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[email protected]: Organic Valley CEO on success as a mission-based business | Calories, waste and emissions

Five things the natural products industry needs to know today.

Meet the reluctant CEO at the helm of a billion-dollar co-op

George Siemon, the longtime CEO of Organic Valley, has been doing organic dairy since before it was cool. And the co-op makes for quite a success story—last year, it surpassed $1 billion in revenue. "One of the surprising things that made us a success was that we immediately partnered with conventional agriculture." he says. Read more at Conscious Company Magazine...


The U.S. is now eating and wasting twice as much food as it did in 1975

The average American eats 24 percent more calories now than in 1975, according to new data from the USDA. What's equally alarming, though, is that the data suggests that the U.S. food supply would support 4,000 calories per person per day. That points to both our food waste and greenhouse gas emissions problems. Read more at The Atlantic...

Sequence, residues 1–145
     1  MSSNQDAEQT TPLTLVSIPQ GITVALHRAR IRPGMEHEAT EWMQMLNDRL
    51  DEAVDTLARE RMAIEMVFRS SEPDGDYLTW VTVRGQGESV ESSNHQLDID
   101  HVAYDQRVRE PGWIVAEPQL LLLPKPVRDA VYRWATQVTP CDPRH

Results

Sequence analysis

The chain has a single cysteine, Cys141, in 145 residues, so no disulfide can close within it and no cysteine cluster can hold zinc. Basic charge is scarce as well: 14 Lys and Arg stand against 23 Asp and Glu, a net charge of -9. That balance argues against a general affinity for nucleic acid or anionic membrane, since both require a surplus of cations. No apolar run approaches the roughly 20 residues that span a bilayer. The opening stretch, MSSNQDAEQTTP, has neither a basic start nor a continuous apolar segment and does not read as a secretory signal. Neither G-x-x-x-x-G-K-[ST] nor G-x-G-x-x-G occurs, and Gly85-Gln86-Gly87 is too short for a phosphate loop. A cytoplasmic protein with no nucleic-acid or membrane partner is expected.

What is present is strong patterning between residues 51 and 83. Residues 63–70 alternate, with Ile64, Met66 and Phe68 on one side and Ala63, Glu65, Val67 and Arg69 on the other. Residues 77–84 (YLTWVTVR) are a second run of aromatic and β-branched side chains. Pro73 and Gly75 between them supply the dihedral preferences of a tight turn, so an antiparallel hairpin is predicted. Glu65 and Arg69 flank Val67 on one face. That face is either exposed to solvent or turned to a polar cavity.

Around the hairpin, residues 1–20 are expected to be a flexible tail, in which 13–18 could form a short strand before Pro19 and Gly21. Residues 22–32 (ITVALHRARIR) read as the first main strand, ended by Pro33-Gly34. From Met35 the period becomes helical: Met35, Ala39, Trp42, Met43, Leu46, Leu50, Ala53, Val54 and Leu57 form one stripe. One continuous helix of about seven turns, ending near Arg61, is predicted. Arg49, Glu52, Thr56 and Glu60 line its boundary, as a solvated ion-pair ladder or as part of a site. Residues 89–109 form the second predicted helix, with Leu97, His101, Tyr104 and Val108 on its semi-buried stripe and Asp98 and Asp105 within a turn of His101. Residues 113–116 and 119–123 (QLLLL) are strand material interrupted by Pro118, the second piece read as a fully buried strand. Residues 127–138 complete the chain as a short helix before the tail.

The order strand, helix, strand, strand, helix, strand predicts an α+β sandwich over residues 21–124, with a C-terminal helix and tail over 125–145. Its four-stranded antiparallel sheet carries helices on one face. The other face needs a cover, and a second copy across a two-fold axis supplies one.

A long-term streak: Americans won't eat their vegetables

Americans, apparently, aren't taking the age-old advice to eat their veggies. Vegetable consumption fell 8 percent between 2004 and 2014. But the good news is that, while once-staples like potatoes, head lettuce and corn are losing ground, nutrient-rich veggies like bell peppers, sweet potatoes, dark-green and leafy plants are on the rise. Read more at Fern's Ag Insider...


Campbell soup CEO: I am 'disappointed' by lackluster Campbell fresh business

Its new Campbell Fresh division didn't perform as well as expected in the fourth quarter, Campbell's said, which was a factor in its near-flat quarter. Declines in carrot sales and a voluntary recall of its Bolthouse Farms Protein Plus drinks contributed. But CEO Denise Morrison said the company remains confident in its strategy. Read more at Forbes...


Gatorade goes organic as PepsiCo joins natural-ingredient push

Kroger will carry organic varieties of the strawberry, lemon and mixed berry Gatorade flavors for $1.69—50 cents more than a traditional bottle of Gatorade goes for. Read more at

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